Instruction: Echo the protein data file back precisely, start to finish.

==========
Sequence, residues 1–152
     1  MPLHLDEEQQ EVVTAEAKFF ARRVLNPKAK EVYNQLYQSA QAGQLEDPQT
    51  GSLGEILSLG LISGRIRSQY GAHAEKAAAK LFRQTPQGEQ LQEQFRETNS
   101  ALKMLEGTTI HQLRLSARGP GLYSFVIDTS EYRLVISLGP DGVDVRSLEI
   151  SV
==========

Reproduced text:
Sequence, residues 1–152
     1  MPLHLDEEQQ EVVTAEAKFF ARRVLNPKAK EVYNQLYQSA QAGQLEDPQT
    51  GSLGEILSLG LISGRIRSQY GAHAEKAAAK LFRQTPQGEQ LQEQFRETNS
   101  ALKMLEGTTI HQLRLSARGP GLYSFVIDTS EYRLVISLGP DGVDVRSLEI
   151  SV